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Range Rover Estate verdict

2013 - 2021 (change model)
Parkers overall rating: 4.6 out of 54.6

Written by Keith WR Jones Published: 6 June 2019 Updated: 25 May 2021

Blue 2019 Range Rover Autobiography P400e rear three-quarter
Blue 2019 Range Rover Autobiography P400e rear three-quarter

Should you buy a Range Rover?

Land Rover’s flagship model has an appeal that’s difficult ignore. It used to be described as the Rolls-Royce of SUVs, seeing as that marque now has its own – the Cullinan – and Bentley also produces an SUV in the form of the Bentayga, the Range Rover’s not even at the top of the luxury off-roading tree.

However, that overlooks many factors, not least the rightness of the Range Rover in countryside settings and its ability to traverse terrain that would put off anyone but goats, sheep and Land Rover Defender drivers.

Additionally – and subjectively – climbing about and luxuriating in the surroundings of a Range Rover feels more special than in a Bentayga. Yes, there’s quality craftsmanship in the Bentley, but there’s also a lot of buttons and switches lifted straight from various Audis. Yes, some of the Range Rover interiors look gauche in their more lurid colour schemes, but in the main there’s a self-assured status to the more traditional interiors that’s also easy to use.

These are cars for people who know they’ve made it and want to quietly indulge in their status. The Rolls-Royce? Finer and more exclusive inside, certainly, but given it’s triple the Range Rover’s price, it’s not a direct competitor.

So what of the Audi Q7, BMW X7 and the Mercedes-Benz GLS? All are built beautifully, have a wealth of high-end technology that makes the Range Rover’s look less Apple and more Amstrad, plus they have significantly better reliability records. They are good cars and we can understand why you’d buy one.

But the Range Rover’s blessed with that intangible X factor – it feels more special, you feel imperious driving one and whether you turn up at Ascot or Asda it requires no explanation or apology. As luxury SUVs (under £100,000) go, this is as good as it gets.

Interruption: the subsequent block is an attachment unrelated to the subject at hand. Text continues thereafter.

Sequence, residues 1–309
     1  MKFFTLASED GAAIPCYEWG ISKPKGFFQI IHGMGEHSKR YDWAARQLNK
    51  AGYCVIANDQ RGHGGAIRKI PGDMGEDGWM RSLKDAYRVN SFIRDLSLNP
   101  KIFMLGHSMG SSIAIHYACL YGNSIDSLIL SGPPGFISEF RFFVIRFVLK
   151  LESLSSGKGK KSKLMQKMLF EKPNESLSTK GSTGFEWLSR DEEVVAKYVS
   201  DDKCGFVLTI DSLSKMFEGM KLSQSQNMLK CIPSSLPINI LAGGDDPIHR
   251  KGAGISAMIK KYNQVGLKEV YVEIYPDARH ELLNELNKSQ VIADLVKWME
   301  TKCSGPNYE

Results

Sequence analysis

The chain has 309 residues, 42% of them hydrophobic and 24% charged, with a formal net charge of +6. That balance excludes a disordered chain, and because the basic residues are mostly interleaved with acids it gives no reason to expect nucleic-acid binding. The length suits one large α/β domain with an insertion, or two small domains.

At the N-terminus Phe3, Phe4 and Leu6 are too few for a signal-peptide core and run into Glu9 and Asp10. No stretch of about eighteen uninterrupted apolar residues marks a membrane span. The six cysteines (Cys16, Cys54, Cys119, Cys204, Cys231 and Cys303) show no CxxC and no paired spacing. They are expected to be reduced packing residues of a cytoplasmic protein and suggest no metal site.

What we like

Despite being on sale since 2013, the Range Rover is still as refined and comfortable as before. The cabin remains hushed and the latest engines and tech have only kept the luxurious SUV up to date. Equipment levels remain generous on all models and you wouldn’t feel left out in the entry-level Vogue model.

What we don’t like

If you can stomach the running costs and the bulk, there’s not much to dislike. Some will find the garish interior colour schemes difficult to digest, but the weakest engine choice will be the P400e plug-in hybrid.

If you can live within the means of the short battery range, your running costs can reduce dramatically, but you also have the added bonus of travelling in silence like no other Range Rover. However, travel beyond this, and you’ll quickly find the 2.0-litre engine is anything but luxurious. It may work well for some, but it’s application is limited.

Which version is best for you?

For most, the diesel makes the biggest sense. The combination of its smooth, muscular performance and palatable running costs give the Range Rover a broad depth of abilities few can match, even if the petrol V8 engines provide a much more exotic soundtrack. If you want the fastest Range Rover, the supercharged V8 P565 is the one to aim for.

As mentioned above, the plug-in hybrid P400e can work out to be the cheapest Range Rover to run, and is best suited for those who complete short journeys to maximise the battery’s electric range.

When it comes to spec choice, all models come with a high level of standard equipment. The long-wheelbase is the one to go for if you spend most of your time sat on the rear seats, especially when you can maximise the additional 192mm of legroom on offer.

Further reading:

>> How good is the slightly smaller Range Rover Sport?

>> Is the Rolls-Royce Cullinan worth spending £300,000 on? Our experts decide

>> How much is your car worth? FInd our with our comprehensive valuations tool